NVIDIA DLSS 3 brings incredible performance increases in many games and applications, and takes advantage of brand new AI technology exclusive to the RTX 40-series. The detailed and in-depth overview by Digital Foundry was a feast for the eyes (especially if those eyes belonged to a geeky gaming PC enthusiast), and although no FPS was mentioned in the demos and videos, it is clear to see how much improvement DLSS adds to games – absolutely in line with what NVIDIA has been promising.
For AAA+ gamers looking at buying an RTX 40 series gaming PC, the screamingly fast performance is a delightfully over-the-top specification, and heralds the next generation of gaming with much fanfare. But, as NVIDIA should know, you can’t please everybody.
We looked at the demo and specs of DLSS 3 to put the latest NVIDIA AI technology into some kind of perspective, whilst looking at some of the speculation and controversy it now has surrounding it.
What is DLSS 3?
DLSS 3 uses artificial intelligence to render a frame of graphics between two frames, which is a “temporal” version of what that frame would look like. It is not a perfect replica of the preceding or subsequent frame, but rather something in between. And this is done in real time, basically.
Credit: Digital Foundry
In the above screenshot from the video by Digital Foundry, we can see there are some blurred aspects or pieces of the image missing altogether where the AI could not render graphics because it did not have enough data to work with. This is literally a frame you will not even see, however, and blends the two main frames together so well you couldn’t notice it if you tried.
How DLSS 3 works
If you have three frames, A, B and C, DLSS 3 would intersplice an AI-generated frame between A and B, and B and C. This would have the effect of making the scene look smoother in motion. The main difference you will see with DLSS 3, therefore, is smoothness of visuals. If there are any gaps in the animation, the AI fills them.
There is a fantastic demo of this with Marvel’s Spider Man Remastered PC which shows this in full effect:
Credit: Digital Foundry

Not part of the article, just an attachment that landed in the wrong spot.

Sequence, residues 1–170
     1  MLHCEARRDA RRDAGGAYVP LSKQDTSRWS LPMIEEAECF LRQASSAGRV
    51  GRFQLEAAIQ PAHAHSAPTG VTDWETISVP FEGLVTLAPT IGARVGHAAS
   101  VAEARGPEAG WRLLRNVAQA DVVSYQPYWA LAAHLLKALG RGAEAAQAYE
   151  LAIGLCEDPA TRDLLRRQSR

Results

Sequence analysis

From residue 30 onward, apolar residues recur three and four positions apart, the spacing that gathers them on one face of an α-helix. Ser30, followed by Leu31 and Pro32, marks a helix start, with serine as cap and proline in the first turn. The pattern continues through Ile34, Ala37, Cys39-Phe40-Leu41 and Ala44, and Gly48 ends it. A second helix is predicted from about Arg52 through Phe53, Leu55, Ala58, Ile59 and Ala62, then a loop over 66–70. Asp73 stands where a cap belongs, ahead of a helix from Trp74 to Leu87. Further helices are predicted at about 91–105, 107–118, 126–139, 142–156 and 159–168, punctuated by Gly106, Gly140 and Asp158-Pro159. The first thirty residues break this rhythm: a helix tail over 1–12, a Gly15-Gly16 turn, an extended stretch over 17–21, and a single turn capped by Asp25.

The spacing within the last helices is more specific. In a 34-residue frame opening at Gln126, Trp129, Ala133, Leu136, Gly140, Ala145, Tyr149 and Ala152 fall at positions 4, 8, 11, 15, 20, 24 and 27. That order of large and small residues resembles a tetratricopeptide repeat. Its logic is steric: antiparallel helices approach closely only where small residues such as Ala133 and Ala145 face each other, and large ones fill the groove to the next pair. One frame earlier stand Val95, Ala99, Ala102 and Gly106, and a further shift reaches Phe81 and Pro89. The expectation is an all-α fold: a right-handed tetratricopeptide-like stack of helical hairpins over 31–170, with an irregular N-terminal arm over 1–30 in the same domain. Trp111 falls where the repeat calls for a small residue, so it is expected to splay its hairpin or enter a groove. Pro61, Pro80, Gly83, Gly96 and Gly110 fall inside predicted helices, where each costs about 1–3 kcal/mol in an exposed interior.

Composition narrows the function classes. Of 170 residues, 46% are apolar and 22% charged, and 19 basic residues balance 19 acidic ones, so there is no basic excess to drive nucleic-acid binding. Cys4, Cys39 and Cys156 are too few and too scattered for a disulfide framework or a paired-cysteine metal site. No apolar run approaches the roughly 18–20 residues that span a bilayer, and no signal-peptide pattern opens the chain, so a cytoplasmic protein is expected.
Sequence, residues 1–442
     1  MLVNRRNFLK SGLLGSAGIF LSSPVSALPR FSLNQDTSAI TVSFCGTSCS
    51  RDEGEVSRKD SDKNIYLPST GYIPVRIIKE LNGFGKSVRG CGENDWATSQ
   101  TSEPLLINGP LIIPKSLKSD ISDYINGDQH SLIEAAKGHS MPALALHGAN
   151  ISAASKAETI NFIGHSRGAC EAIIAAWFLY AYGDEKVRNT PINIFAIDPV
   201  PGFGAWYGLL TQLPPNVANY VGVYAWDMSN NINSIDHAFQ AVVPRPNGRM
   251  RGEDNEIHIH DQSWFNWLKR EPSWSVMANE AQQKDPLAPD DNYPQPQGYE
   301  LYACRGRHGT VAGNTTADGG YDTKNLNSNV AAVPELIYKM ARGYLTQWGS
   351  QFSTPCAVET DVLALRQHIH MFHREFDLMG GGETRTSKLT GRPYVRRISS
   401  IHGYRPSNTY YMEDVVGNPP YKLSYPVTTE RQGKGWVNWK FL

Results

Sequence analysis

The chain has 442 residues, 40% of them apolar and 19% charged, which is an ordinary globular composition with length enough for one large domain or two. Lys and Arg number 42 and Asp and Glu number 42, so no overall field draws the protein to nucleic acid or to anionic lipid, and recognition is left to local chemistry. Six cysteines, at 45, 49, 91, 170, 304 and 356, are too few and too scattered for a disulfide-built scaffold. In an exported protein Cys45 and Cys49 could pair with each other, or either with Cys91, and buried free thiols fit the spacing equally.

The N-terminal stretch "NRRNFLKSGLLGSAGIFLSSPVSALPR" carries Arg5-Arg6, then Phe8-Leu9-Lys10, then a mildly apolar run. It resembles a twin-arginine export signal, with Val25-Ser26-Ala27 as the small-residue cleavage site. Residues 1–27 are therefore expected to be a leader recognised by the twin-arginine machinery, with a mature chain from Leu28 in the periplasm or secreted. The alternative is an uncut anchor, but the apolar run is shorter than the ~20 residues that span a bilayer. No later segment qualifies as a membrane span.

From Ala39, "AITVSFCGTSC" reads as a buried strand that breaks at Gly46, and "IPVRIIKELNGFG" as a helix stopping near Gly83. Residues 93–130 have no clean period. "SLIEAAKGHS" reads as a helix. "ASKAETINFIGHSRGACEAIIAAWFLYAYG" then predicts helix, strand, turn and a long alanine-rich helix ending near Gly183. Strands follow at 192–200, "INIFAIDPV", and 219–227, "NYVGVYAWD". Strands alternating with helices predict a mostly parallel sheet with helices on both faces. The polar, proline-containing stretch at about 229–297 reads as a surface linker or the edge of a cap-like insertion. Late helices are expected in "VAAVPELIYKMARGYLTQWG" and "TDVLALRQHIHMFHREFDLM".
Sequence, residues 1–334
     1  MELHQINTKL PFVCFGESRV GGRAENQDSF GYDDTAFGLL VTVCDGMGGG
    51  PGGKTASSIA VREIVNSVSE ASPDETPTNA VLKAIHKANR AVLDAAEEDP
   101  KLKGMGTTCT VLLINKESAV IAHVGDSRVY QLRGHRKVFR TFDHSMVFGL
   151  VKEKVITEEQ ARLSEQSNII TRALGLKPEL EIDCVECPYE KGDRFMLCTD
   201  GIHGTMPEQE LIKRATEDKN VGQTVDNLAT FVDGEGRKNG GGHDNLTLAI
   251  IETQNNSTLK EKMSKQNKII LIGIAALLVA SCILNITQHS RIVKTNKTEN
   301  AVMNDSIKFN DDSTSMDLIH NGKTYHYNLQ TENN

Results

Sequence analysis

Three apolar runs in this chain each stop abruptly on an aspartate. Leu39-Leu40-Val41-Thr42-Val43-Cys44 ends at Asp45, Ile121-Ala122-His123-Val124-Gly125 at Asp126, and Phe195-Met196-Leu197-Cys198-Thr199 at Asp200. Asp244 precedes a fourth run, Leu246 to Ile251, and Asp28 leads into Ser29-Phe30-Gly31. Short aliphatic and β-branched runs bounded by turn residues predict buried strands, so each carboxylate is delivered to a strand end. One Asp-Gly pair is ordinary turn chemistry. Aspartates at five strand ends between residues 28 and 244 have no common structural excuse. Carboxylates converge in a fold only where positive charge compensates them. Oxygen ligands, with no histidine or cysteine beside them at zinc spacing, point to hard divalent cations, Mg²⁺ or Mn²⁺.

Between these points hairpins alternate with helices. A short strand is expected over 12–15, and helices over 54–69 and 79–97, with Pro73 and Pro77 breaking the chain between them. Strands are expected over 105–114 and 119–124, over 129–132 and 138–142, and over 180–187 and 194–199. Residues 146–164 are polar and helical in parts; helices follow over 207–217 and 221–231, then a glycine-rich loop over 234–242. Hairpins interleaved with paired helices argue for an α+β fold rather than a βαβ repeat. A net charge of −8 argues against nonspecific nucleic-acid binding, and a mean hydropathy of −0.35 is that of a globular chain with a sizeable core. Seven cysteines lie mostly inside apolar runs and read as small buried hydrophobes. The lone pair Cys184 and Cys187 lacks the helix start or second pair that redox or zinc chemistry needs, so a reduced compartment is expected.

The camera movement, Spidey’s animation and shadow are all smoothed out with DLSS 3 frame generation, to create a more lifelike and more natural result. This, above all else, is critical to DLSS 3 success: characters in games look more lifelike, adding more realism and immersion to games, which means people will enjoy them even more.
With these real time changes to the visuals, there is some latency involved. However, NVIDIA Reflex is utilised (it’s switched on by default if you select DLSS 3) to reduce this latency to the bare minimum. So much so that you would not notice the difference.
As you can see above, with DLSS 3 in Marvel’s Spider Man Remastered there’s an increase of 219% in performance over native 4K, and this adds 38ms of latency into the mix. In reality, this game plays at over 70 FPS using an RTX 3090 Ti at 4K resolution, with Very High settings and RTX On. With the potential 2x increase in performance from RTX 30-series to RTX 40-series, nobody is going to complain about input lag or latency of a measly 38 milliseconds.
NVIDIA Controversy: Does DLSS 3 increase FPS?
Somehow, there is controversy around DLSS 3 and FPS boosts. Some YouTube creators have been hot on the heels of the demo and slating the figures as pure marketing hyperbole, with some actually accusing NVIDIA of lying. This might well be a play for views, and nothing more than clickbait by the controversial Edge Lords of YouTube, because according to the many experts who have got their hands on an RTX 40-series for testing – DLSS 3 is the upgrade we all wanted to see in next-gen graphics cards… we just didn’t know it.
DLSS 3 Controversy
Most of the RTX 4090 and 4080 performance data in the Ada Lovelace announcements centre around DLSS 3 and DLSS 2 comparisons, which some are saying is not a fair fight. To some degree, you can understand this. However, creators like Ancient Gameplays have gone the extra mile and said said NVIDIA are lying. Host, Fábio Pisco says in his video “Jensen told us that DLSS 3 would be able to deliver more FPS even in situations where we have CPU bottleneck. This is kind of hard to believe [..] because the DLSS 3 generates a new frame,“.
In essence, what Fábio is saying is this is not a true FPS reading from MSI Afterburner, RivaTuner or whichever software you use. You may just be running at 60 FPS, and DLSS 3 has artificially inflated this to 120 FPS. Moreover, the CPU is not having to do anything extra to achieve this framerate. While this is true, that is not what is in question. Does it feel like 120 FPS? Then the general consensus is that is all that matters.
Until developers figure out how to record actual framerate speeds with DLSS 3 enabled, these hardware monitors are going to be almost useless in benchmarks. As for gamers, they will reap the rewards without being able to record the “true” framerates. Will that be a problem? For the vast majority, absolutely not.
What the gamers say
The majority of the conversation around the RTX 40-series is not actually DLSS 3. It’s about pricing. The general feeling is that the next generation graphics cards from NVIDIA are priced so only the higher tier of gamers can buy them. The most affordable GPU in the first launch batch is the 12GB version of the RTX 4080 at £949 MSRP. Of course, we won’t know actual retail pricing until November for that card.
Gamers who want AAA+ graphics and breakneck performance, however, are very happy with the specifications of the RTX 4080 and RTX 4090. With benchmarks already breaking the internet showing massive leaps in performance over previous generation GPUs, it’s hard not to salivate if you’re in the market for a shiny new NVIDIA card.